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I'm Downgrading Moody's

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Moody's (NYSE: MCO  ) is considering a downgrade of the U.S. credit rating, an event many predict will cause widespread panic in the marketplace. But should the threat of a downgrade mean anything to investors? Because if history has taught us anything, it's that Moody's rating process over the past few years can best be described as junk. 

In 2007, Moody's slapped a triple-A rating on Abacus, a portfolio of Goldman Sachs (NYSE: GS  ) -created mortgage-backed securities. Abacus became an attractive investment upon receiving Moody's seal of approval. 

It turns out Abacus was barely worth the paper it was written on. Moody's eventually downgraded the collateralized debt obligation after it had already lost much of its value.  According to the SEC, investors lost $1 billion on the deal.   

Moody's credit assessment of AIG (NYSE: AIG  ) and now-defunct Lehman Brothers in the height of the subprime crisis is another ratings classic. Moody's still maintained investment-grade ratings on the two foundering financial institutions even minutes before they collapsed.   

Moody's defended the rating, saying the likelihood of a government bailout played an important role in the decision.  

AIG eventually did receive a bailout. Lehman Brothers, on the other hand, wasn't as lucky.  The financial giant declared bankruptcy, prompting Moody's to finally cut its rating on the company to junk. Gee, thanks for the heads-up, guys.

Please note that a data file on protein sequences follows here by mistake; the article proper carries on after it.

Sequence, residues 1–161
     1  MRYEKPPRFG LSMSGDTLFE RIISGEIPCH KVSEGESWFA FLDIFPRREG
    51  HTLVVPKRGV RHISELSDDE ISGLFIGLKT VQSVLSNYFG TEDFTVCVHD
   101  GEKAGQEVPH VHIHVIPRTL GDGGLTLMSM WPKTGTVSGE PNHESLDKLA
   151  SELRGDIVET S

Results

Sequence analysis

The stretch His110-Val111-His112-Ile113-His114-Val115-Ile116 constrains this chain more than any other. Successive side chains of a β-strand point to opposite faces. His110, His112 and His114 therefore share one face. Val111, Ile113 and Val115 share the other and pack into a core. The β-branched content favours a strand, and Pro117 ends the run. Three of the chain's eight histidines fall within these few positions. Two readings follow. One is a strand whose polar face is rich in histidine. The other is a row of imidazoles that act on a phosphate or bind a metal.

The bottom line
If you believe there is more financial turmoil on the horizon, then don't wait on a Moody's downgrade before moving cash to the sidelines. By the time such a downgrade occurs, it will most likely be too late.  

Fool contributor Adam J. Crawford does not own shares of any company mentioned in this article. Motley Fool newsletter services have recommended buying shares of Moody's. Try any of our Foolish newsletter services free for 30 days. We Fools may not all hold the same opinions, but we all believe that considering a diverse range of insights makes us better investors. The Motley Fool has a disclosure policy.

Read/Post Comments (2) | Recommend This Article (9)

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Help us keep this a respectfully Foolish area! This is a place for our readers to discuss, debate, and learn more about the Foolish investing topic you read about above. Help us keep it clean and safe. If you believe a comment is abusive or otherwise violates our Fool's Rules, please report it via the Report this Comment Report this Comment icon found on every comment.

  • Report this Comment On July 15, 2011, at 12:58 PM, DonNemesis wrote:

    Great. Basically, this article suggests that statistics, models (and yes, coupled with informed opinions) are, well, "junk”; this article can be extrapolated to suggest that if someone, oh, let’s say, an analyst at Moody's, Fitch, or S&P predicts that after two flips of a coin, both of which were tails, we get another tails, this analyst’s prediction was, well, “junk”.

    Interesting theory, but I think smart thinks otherwise. This article, and many similar unfounded, mildly ridiculous comments may just be the reason why some of us are able to make money in any market – thanks, buddy!

  • Report this Comment On July 15, 2011, at 2:46 PM, Ikarruss wrote:

    If Moody's is slow and is still considering downgradig US bonds, why are they so high?

    Note this is just a Foolish question, I guess that a 4% yield on a stock, that might have an upside is a little better than close to 0% on a indexed T-bond, just hopping for high inflation (and no dollar devaluation).

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